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Chapter 2

Chapter 2.docx

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Wilfrid Laurier University
Anneke Olthof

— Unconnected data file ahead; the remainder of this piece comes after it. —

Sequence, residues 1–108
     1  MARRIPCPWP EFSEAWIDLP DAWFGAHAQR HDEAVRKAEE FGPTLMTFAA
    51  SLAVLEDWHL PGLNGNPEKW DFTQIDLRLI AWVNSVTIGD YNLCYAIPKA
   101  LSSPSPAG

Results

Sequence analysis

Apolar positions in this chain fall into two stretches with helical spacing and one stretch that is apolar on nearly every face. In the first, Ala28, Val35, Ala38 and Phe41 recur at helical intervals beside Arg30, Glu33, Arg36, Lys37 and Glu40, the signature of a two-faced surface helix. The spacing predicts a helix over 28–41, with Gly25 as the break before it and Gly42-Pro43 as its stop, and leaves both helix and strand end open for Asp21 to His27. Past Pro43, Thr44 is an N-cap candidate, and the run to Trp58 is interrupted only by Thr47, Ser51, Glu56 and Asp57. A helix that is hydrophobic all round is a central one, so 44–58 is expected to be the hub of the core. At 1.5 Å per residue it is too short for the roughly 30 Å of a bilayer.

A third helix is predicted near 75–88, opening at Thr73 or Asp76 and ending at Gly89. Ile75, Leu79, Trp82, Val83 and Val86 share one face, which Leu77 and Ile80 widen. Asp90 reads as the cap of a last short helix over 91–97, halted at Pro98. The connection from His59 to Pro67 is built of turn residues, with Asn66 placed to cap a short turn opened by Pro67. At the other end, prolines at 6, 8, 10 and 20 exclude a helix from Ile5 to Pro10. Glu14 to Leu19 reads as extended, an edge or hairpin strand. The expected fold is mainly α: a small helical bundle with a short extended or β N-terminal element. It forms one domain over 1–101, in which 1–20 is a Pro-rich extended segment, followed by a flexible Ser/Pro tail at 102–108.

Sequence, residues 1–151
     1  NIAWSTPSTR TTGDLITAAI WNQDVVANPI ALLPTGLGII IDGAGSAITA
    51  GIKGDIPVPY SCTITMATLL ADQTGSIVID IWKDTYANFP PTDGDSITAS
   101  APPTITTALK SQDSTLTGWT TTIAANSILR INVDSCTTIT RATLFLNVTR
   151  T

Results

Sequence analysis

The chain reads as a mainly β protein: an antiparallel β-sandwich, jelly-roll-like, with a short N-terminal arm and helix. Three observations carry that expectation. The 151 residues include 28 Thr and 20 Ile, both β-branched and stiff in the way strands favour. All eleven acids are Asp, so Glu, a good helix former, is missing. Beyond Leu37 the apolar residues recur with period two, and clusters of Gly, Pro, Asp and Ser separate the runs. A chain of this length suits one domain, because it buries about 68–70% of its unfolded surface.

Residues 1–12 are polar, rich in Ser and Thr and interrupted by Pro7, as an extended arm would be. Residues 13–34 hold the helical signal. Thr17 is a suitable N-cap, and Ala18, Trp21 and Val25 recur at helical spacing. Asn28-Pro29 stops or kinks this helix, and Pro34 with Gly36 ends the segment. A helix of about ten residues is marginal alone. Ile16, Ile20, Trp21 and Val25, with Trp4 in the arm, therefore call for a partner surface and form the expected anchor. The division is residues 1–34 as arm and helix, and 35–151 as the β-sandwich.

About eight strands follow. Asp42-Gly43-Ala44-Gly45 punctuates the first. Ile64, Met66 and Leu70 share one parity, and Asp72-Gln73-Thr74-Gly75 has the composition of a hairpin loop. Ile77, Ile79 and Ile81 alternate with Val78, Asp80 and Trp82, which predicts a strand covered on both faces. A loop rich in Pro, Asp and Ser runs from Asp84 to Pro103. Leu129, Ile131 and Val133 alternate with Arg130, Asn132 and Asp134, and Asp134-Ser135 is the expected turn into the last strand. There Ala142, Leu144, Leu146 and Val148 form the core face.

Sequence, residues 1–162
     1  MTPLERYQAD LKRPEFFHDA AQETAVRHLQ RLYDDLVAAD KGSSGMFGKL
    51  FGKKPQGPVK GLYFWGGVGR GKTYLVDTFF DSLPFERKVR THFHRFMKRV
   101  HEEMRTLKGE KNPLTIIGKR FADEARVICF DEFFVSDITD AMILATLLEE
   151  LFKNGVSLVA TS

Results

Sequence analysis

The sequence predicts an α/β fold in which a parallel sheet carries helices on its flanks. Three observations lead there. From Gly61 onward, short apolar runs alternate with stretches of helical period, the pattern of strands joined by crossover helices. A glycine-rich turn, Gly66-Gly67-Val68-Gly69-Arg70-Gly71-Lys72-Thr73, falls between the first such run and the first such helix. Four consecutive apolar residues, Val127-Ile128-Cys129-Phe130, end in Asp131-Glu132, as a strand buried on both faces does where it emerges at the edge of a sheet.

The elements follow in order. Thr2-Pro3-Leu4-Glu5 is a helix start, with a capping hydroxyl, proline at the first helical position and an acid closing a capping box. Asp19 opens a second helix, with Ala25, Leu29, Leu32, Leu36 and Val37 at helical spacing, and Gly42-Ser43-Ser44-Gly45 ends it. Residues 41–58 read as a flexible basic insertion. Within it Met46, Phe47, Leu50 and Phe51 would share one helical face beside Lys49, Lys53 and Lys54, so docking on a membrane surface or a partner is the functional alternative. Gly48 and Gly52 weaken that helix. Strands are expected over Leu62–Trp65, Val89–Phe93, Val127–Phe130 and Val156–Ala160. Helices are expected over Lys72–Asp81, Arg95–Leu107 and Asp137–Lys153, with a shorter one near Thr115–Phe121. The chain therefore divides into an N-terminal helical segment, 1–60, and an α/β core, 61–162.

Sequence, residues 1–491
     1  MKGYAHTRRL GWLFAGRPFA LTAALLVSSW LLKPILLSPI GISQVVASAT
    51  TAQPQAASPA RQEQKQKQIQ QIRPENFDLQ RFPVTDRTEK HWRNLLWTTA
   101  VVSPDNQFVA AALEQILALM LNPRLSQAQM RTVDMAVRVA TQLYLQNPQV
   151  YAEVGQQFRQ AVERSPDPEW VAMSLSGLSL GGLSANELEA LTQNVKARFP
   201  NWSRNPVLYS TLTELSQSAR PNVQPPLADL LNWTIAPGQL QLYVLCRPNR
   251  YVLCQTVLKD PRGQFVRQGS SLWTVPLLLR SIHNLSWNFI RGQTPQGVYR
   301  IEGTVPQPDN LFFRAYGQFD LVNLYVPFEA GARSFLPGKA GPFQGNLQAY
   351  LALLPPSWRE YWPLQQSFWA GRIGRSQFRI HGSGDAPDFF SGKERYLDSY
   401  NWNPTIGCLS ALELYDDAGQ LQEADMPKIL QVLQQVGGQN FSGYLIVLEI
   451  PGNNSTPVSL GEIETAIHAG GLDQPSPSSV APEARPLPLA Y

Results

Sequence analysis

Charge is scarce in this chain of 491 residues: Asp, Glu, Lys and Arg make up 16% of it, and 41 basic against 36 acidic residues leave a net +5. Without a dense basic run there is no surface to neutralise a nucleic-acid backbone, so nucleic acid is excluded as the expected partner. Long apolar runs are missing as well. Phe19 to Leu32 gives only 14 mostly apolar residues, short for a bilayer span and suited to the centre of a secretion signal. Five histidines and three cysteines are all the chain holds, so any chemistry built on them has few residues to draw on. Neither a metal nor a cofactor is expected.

Learning – Chapter 2  Nature of elicited behaviour o Irritation of respiratory passages causes sneezing and coughing o Behaviour occurs in response to stimuli –elicited  Elicited behaviour = reflexive behaviour o Concept of the reflex  Involves two closely related events  eliciting stimulus and corresponding response o stimulus and response are linked  specificity of relation between stimulus and accompanying reflex response is consequence of nervous system organization  environmental stimulus for reflex activates sensory organ (afferent neuron)  transmits sensory message to spinal cord o neural impulses related to motor neuron (efferent neuron)  activates muscles involved in reflex response  sensory and motor neurons rarely communicate directly  impulses from one to other are relayed through at least one interneuron  neural circuitry ensures that particular sensory neurons are connected to corresponding set of motor neurons  restricted wiring – restricted set of stimuli elicits particular reflex response  reflex arc  afferent neuron, interneuron and efferent neuron  represents fewest neural connections necessary for reflex action  respiratory occlusion reflex  stimulated by reduction of air flow to baby o when cloth covers baby’s face or accumulation of mucus in nasal passages o reactions  pull head back  face-wiping motion  crying involves vigorous expulsion of air  essential for survival o Modal action patterns  Simple reflex responses are evident in many species  Papillary constriction to bright light  Mammalian infants suck in response to object being placed near mouth  Herring-gull chicks just as dependent on parental feeding o Checks peck at tip of parent’s bill  Parents regurgitate  Chicks peck regurgitated food  Modal Action Patterns (MAP):  Response sequences typical of a particular species of particular species  Species-typical modal action patterns identified in many aspects of animal behaviour  Sexual behaviour  Territorial defense  Aggression  Prey capture  Threshold for eliciting these activities vary  Same stimulus have different effects depending on physiological state of animal and its recent actions  Lorenz and Tinbergen 1 Learning – Chapter 2  Species-specific action patterns as fixed action patterns to emphasize activities occurred pretty much the same way in all members of a species o Eliciting stimuli for modal action patterns  Fairly easy to identify in case of simple reflexes  Stimulus responsible for modal action pattern can be more difficult to isolate if response occurs in course of complex social interactions  Pecking by chicks may be elicited by colour, shape/length of parent’s bill, noises parent makes, head movements of the parent or other stimuli  Tinberg and Perdeck o Beak had to be long, thin, moving, downward facing object with contrasting red patch near tip  Sign stimulus or releasing stimulus  Specific features found to be required to elicit pecking behaviour  Once identified, can be exaggerated to elicit especially vigorous response o Supernormal stimulus  Exaggerated sign stimulus  Sign stimuli play major role in control of human behaviour  Also play major role in social and sexual behaviour o Sequential organization of behaviour  Responses do not occur in isolation of one another  All motivated behaviour involves systematically organized sequences of actions  Appetitive behaviour  Early components of behaviour sequence  Occur early in behaviour sequence and serve to bring organism into contact with stimuli that will release consummatory behavior  Less stereotyped and can take variety of different forms depending on situation  More variable and can be shaped by learning  Consummatory responses  End components of behaviour sequence  Completion of a species’ typical response sequence  Highly stereotyped species’ specific behaviours that have specific eliciting or releasing stimuli  Species-typical modal action patterns  Foraging for food  Appetitive response o General search mode  Occurs when subject does not know where to look for food o Focal search mode  Once it finds a source, it begins to search for the food in/on the source only  Consummatory response o Food handling and ingestion mode  Once the food has been found, then this mode activates  Effects of Repeated Stimulation o Reflex mechanism according to Descartes  Each occurrence of eliciting stimulus would produce same reflex reaction because energy of eliciting stimulus was transferred to motor response through direct physical connection  If this was true, it would be of limited interested to researchers o Salivation and hedonic ratings of taste in people  Taste of food elicits salivation as reflex response 2 Learning – Chapter 2  Salivation and hedonic ratings decreased with repeated trials  Habituation Effect o Decline in response with repeated stimulus presentation o Prominent feature of elicited behaviour evident in virtually all species and situations o Decrease in response specific to habituated stimulus only  Stimulus specific  Taste stimulus influences rate of taste habituations  Having attention directed to non-food cues keeps food from losing flavour through habituation o Visual attention in Human Infants  Visual cues elicit a looking response and can be measured by how long they keep their eyes on one object before shifting their gaze  Nature of change is determined by nature of stimulus  Sensitization is observed depending on complexity of the stimulus  People are experts at recognizing and remembering faces  Discriminate faces of their race better than different race o Other race effect  Visual attention paradigm became a prominent tool in study of infant perception as a more complex form of cognition  Provided a great deal of information about infant cognition o The Startle Response  Startle response is part of organism’s defensive reaction to potential or actual attack  Can be measured by measuring sudden movements  Used as their behavioural anchor  Stabilimeter chamber  Used to measure startle response in rats  Chamber rests on pressure sensors o When startled, rat jumps and jiggles the chamber  Indicators of the vigor of the startle reaction  Leaton  Testing sound startle response  Rats presented with a single tone once a day for 11 days  Most startling response observed the first time tone was presented o Less intense reactions the next 10 days  Presented more frequently (every 3 seconds) for 300 trials o Startle reactions quickly ceased when tone presentations occurred every 3 seconds o Dramatic loss was only temporary